Consumers are excited about the future of in-car technologies — but what do they really want?

Americans spent an average of 17,600 minutes behind the wheel last year — the equivalent of seven 40-hour workweeks — and drove a collective 2.45 trillion miles.[1] So, it should come as no surprise that enthusiasm is high for in-car technologies. But the course is not entirely clear. When it comes to emerging automotive technologies, consumers are excited about the future and at the same time, they want to proceed with caution. And the technologies that drive interest may not be the ones they are willing to pay for.

What do drivers want, and expect, their cars to be equipped to do? Consumers express a clear preference for safety. As we report in PwC’s new study, Driving the future: understanding the new automotive consumer. A closer look at autonomous vehicles, in-car technologies, car sharing, and ridesharing comprehensive vehicle tracking (technologies that provide real-time data on the location of a vehicle if the driver is lost en route or the car is stolen); remote vehicle shutdown (in case of theft); and driver override systems (brakes that engage automatically when the car ahead is too close, for example) rank highest among the emerging technologies consumers are willing to consider having in their vehicles. In fact, some drivers told us they have retrofitted their vehicles with such as devices as camera-assisted back-up, a feature that has been widely available for several years and will be required in all cars built after May, 2018.[2] Safety and security are paramount and perceived to be worth paying for.

Also high on drivers’ “wants” is connectivity, including perfect integration with smartphones and in car wi-fi, for which consumers express near universal desire. With more than 61 percent of drivers saying they want to see their cars become integrated with their smartphones, it’s not hard to imagine a future when the Internet of Things (IoT) will become an increasing presence in our vehicles in much the same way it has in other areas of our daily lives. Connected cars that can check traffic conditions and the weather, plan the best routes, and preset personal preferences for music, seat position, and climate control all before a driver gets behind the wheel may soon be commonplace. Cars that will even be able to monitor a driver’s health and convey vital statistics to a health care provider are not out of the realm of possibility either.

Nevertheless, it’s not full-speed head when it comes to all new in-car technologies. One thing consumers are reluctant to compromise on is privacy, amajority of drivers say they would not give up even some privacy in exchange for access to the most high-tech features. So for example, while augmented reality (AI) displays have been enthusiastically adopted by the most ardent fans of new automotive technologies (despite its relatively low maturity), 60 percent of consumers say they would be unwilling to consider in-car options that enable advertisers to see their personal data, even if such features were free.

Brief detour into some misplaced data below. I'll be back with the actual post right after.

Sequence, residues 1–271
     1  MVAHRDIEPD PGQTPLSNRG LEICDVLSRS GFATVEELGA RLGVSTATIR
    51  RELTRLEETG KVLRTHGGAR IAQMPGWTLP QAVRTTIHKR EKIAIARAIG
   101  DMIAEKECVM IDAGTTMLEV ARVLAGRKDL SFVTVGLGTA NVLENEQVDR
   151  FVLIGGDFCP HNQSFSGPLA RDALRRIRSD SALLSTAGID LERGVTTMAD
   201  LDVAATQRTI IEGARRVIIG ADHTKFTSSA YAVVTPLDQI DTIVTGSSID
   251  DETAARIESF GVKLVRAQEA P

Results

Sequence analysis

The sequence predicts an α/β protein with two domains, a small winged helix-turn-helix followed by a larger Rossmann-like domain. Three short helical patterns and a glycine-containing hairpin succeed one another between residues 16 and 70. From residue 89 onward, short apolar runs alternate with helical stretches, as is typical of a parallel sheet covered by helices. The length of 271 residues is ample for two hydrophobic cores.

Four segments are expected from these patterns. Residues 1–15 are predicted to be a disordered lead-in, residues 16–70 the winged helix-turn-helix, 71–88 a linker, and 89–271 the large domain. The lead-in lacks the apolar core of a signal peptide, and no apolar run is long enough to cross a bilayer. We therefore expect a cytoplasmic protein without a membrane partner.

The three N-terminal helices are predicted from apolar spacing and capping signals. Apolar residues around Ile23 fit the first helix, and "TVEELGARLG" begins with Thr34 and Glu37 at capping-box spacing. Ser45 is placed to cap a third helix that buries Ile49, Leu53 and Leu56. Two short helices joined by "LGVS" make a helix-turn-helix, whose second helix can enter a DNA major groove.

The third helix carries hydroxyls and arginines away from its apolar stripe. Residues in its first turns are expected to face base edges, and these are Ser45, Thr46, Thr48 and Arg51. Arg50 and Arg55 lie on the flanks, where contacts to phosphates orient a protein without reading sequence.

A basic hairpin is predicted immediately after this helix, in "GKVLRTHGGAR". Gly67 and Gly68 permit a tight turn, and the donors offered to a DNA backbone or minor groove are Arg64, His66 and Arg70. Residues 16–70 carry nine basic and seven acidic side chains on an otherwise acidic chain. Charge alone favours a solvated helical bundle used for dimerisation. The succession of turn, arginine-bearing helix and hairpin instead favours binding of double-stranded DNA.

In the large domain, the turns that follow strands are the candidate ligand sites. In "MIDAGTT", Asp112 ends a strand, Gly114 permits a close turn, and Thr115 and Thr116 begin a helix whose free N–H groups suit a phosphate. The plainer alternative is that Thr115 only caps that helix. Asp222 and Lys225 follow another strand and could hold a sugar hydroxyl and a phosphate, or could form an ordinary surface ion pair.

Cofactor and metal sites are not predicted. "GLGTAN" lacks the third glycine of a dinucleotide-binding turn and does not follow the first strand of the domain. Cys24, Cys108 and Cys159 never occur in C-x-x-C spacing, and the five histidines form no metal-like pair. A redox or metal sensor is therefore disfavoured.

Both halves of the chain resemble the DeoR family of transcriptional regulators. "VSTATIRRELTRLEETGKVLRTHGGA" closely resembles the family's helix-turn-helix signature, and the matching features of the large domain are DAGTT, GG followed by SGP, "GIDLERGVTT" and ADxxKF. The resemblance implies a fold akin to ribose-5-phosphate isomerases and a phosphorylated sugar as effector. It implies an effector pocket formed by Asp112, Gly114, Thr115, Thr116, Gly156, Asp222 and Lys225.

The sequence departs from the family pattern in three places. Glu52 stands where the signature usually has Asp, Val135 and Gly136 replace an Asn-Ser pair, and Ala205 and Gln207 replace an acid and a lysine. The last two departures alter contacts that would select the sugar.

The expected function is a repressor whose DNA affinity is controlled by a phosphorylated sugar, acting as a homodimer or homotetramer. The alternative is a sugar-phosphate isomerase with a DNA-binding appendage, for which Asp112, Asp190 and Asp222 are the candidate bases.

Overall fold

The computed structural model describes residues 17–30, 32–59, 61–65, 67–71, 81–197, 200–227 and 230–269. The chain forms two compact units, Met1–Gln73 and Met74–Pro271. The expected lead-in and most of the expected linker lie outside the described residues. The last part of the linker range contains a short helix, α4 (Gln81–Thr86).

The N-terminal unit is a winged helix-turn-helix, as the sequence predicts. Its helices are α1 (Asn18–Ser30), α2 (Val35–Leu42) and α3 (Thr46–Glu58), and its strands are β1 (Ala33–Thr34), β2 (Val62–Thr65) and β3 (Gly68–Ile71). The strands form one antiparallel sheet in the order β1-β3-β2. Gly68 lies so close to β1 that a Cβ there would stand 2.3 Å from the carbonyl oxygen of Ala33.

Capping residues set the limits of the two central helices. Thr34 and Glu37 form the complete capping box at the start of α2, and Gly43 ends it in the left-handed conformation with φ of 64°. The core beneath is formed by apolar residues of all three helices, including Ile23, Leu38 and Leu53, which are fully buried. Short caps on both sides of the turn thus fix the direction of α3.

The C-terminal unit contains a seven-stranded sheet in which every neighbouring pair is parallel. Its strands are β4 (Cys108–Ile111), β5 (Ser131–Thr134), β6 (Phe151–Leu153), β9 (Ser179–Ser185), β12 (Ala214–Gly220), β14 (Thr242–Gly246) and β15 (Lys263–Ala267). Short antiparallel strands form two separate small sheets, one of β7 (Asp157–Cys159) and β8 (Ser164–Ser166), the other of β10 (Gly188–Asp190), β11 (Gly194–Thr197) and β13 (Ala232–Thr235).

There is no single best route for introducing new in-car technologies to consumers. Auto tech creators and manufacturers should obviously target enthusiasts as the early adopters for nearly all categories of automotive technology. These are drivers who enjoy being the first to have cool new features whether or not these technologies seem to have practical benefits. At the same time, drivers with young children, for whom safety is key, may be a good target market for many of the in-car tech features being developed today. Application developers who may relying on consumers to provide personal information in order for their technology to be fully functional, will need to consider consumers’ insistence on privacy. Finally, members of Gen Z (people ages 16–20), perhaps because of their age, the cost of insurance, or the growing availability of ridesharing and car sharing options, don’t appear to have the same enthusiasm for cars as their older counterparts and despite their overwhelming early adoption of mobile technologies, express less interest in auto tech. Companies will want to consider offering services that connect younger consumers more seamlessly.

In-car technologies won’t be going it alone. They are part of a larger universe of new automotive technologies, including autonomous vehicles, ride and car sharing. In-car technologies that offer self-driving features, such as automatic braking or parking, which appear to have mainstream acceptance, may be paving the way for the adoption of autonomous driving. Ridesharing is another way to test autonomous driving with consumers and win over early adopters. Two riding sharing companies are introducing fully autonomous vehicles to their fleets which will help seed the marketplace and give consumers a way to sample the technology before committing to it, not to mention influencing the stance regulators will take. For certain types of in-car technologies and any brand of autonomous vehicle to succeed, consumers need to be willing to give up control. While traditional automotive brands may have the edge over tech brands in consumers’ minds, there are opportunities for disruption as well as partnerships and it is difficult to predict who will be in the driver’s seat moving forward. One thing is certain, the intersection of automotive and technology will have profound implications for drivers’ relationships to their cars and how we get around in the future.



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